Published July 13, 2007
A barefoot girl with long blonde hair reaching down to her lower back was dancing enthusiastically to the deserving catchy beats of Retro Stefson when I entered NASA on a slow Monday night. In front of and around her people were leisurely sprawled across the floor, many sitting Indian style, patiently watching as the Stefson teens effortlessly spun out their unpretentious, soulful and enchanting pop.
Organised by the campaign group Saving Iceland as a protest and fundraiser against large-scale industrial projects in Iceland, the concert had drawn a crowd and an atmosphere certainly unfamiliar to the nightclub. Giant banners on each side of the dance floor protested Landsvirkjun, the national electric company, and their funding of the Kárahnjúkar hydropower plant under construction in eastern Iceland, a plant that will power an enormous aluminium smelter in Reyðarfjörður.
Bogomil Font and friends took the stage, led by former Sugarcubes member Sigtryggur Baldursson dressed in a white suit and hat that completed his look and sound, as a member of the audience accurately put it, as “that lounge singer.” Yet people remained enthused, staring up pensively at the stage where in the background a slideshow of pictures grounded them, quite literally, to the point of the show. Photographs of beautiful and massive Icelandic landscape flashed across the screen, areas that are being destroyed in the eastern highlands by heavy industrialisation and areas targeted for further development in the near future. Rúnar Júl, Skátar, Mr. Silla og Mongoose and Ólöf Arnalds followed. Skátar packed a muchneeded punch, and the crowd began to mosh, in a friendly kind of way. In the back a little blonde kid holding on to his mother’s hand was head banging. Mr. Silla og Mongoose brought a change of pace that felt surprisingly natural and as Ólöf Arnalds plucked a sombre song on a ukulele the atmosphere had become so delicate that people felt compelled to tiptoe, if they moved at all.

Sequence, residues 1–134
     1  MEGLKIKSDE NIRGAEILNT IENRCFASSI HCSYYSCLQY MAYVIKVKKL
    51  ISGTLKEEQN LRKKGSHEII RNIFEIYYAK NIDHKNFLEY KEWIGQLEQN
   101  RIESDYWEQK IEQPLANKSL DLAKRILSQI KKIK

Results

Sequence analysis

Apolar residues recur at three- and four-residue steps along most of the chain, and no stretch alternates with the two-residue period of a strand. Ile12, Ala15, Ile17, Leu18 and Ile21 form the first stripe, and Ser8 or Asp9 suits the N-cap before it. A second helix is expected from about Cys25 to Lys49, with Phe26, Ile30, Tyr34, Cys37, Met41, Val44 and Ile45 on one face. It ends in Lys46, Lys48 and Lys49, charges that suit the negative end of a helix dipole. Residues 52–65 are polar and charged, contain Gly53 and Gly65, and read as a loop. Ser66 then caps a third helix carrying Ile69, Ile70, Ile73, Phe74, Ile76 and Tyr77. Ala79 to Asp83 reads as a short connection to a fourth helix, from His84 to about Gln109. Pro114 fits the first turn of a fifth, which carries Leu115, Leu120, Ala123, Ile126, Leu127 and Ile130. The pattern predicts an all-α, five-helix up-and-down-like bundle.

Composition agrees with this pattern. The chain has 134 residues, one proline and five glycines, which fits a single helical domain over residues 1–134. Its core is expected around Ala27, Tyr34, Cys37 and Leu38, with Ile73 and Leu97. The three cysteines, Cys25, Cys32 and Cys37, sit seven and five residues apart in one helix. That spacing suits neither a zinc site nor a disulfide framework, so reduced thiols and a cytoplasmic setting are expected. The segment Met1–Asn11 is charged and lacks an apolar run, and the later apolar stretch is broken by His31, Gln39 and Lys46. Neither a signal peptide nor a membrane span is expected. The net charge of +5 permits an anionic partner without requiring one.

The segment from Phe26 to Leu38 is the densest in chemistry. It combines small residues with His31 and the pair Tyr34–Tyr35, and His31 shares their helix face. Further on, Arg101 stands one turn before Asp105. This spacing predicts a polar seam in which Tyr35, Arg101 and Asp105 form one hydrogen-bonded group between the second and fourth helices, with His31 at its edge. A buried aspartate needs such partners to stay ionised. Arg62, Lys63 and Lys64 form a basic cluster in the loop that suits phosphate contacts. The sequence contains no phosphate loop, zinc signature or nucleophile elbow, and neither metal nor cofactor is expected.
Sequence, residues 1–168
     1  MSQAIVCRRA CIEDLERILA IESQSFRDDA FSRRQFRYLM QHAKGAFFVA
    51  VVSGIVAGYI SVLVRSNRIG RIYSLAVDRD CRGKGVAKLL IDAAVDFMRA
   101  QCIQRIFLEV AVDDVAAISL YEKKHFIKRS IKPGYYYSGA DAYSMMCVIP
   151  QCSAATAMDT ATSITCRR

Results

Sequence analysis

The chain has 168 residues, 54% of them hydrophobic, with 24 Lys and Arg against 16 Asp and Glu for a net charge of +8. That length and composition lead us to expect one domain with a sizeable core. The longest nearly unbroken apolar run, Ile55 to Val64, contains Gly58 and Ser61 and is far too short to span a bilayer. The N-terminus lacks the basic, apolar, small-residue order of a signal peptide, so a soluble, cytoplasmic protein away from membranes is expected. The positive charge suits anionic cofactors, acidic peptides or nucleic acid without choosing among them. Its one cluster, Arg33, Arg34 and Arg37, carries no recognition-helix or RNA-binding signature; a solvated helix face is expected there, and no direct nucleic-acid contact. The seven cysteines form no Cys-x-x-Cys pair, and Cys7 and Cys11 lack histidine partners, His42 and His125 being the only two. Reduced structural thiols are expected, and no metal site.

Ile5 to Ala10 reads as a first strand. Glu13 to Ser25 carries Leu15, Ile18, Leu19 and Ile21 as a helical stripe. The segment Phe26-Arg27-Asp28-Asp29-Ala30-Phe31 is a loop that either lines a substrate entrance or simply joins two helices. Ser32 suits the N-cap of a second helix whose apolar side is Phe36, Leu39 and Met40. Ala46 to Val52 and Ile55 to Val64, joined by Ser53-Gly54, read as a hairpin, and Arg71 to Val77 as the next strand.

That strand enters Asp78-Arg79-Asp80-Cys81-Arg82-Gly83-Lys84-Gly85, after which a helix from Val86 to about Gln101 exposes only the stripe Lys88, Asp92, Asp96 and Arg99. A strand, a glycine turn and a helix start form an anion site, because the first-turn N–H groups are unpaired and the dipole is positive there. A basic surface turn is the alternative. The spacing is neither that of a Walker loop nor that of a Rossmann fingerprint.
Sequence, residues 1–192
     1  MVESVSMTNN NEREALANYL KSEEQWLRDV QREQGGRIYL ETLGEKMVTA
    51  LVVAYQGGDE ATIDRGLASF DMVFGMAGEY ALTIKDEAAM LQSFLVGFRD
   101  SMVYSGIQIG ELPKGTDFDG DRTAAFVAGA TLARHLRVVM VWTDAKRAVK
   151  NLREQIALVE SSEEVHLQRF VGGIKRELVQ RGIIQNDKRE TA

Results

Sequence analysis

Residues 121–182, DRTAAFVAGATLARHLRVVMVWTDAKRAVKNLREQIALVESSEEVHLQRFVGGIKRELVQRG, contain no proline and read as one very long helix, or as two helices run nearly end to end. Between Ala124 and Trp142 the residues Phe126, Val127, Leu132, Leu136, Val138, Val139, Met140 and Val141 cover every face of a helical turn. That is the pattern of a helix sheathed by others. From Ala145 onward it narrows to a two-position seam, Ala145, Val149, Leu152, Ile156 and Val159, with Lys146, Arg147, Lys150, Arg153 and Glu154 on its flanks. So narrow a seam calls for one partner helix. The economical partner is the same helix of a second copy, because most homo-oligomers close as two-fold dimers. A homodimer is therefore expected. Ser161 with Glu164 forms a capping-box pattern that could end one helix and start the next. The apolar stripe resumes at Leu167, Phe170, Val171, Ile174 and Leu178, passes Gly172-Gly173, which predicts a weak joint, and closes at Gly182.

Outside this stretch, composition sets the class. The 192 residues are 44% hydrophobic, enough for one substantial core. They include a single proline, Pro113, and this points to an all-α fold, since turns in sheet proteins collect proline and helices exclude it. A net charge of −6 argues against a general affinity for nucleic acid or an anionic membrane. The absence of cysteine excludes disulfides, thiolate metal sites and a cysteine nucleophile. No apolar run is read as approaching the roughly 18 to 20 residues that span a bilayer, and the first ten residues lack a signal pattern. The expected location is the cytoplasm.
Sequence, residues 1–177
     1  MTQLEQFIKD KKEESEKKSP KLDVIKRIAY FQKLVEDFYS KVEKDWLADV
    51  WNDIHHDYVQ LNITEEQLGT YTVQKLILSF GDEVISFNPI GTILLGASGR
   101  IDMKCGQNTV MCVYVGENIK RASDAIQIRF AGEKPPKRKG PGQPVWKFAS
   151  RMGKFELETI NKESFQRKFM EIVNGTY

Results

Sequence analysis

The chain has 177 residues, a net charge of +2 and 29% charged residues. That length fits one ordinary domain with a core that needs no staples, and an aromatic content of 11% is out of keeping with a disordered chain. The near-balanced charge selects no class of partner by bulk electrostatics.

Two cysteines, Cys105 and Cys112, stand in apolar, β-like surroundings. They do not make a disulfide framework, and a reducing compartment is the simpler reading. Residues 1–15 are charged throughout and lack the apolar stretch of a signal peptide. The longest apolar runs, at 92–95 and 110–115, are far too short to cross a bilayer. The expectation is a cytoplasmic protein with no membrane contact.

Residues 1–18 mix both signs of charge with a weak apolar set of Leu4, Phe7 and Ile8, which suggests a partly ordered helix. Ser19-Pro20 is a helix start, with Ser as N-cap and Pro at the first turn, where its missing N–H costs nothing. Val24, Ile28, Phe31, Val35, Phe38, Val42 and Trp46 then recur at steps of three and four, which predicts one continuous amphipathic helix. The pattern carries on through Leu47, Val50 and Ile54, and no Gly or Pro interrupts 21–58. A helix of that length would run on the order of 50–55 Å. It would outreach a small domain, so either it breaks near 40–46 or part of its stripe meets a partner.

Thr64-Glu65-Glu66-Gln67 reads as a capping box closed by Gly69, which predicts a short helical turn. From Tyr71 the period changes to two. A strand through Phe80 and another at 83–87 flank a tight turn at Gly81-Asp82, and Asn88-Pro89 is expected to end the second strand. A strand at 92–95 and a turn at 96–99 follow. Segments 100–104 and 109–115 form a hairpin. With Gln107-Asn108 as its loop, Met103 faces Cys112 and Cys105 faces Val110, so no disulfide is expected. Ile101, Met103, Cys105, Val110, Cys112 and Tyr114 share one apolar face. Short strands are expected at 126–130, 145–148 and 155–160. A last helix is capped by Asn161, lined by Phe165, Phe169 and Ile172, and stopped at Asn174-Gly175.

Andri Snær Magnason, author of bestselling book Draumalandið, a criticism of the government’s policy on heavy industry, took the stage after Arnalds and encouraged people to visit a handful of spots in the wilderness that are destined for industrialisation within the next two years. As an English-speaking Saving Iceland coordinator took the mic, the mood became tense. His accurate, though not terribly articulate, description of the goals of the evening was cheered by most but drew various drunken protests from some Icelanders in the crowd.
Evil Madness and Dimma were a low point. Strakovsky Horo, Reykjavík! and Múm followed as the clear highlights of the show, deserving every bit of the by-then-commonplace enthusiasm of the crowd. The anticlimax following the headlining Múm consisted of superficial electro-pop from Velvet Ego and slightly denser synthesized pop from Bloodgroup.
A little past 1 a.m., the young kids involved with the Saving Iceland project watched the random assortment of patrons leave. They seemed triumphant, full of idealism and eager to pass it on. Perhaps it was a little contagious.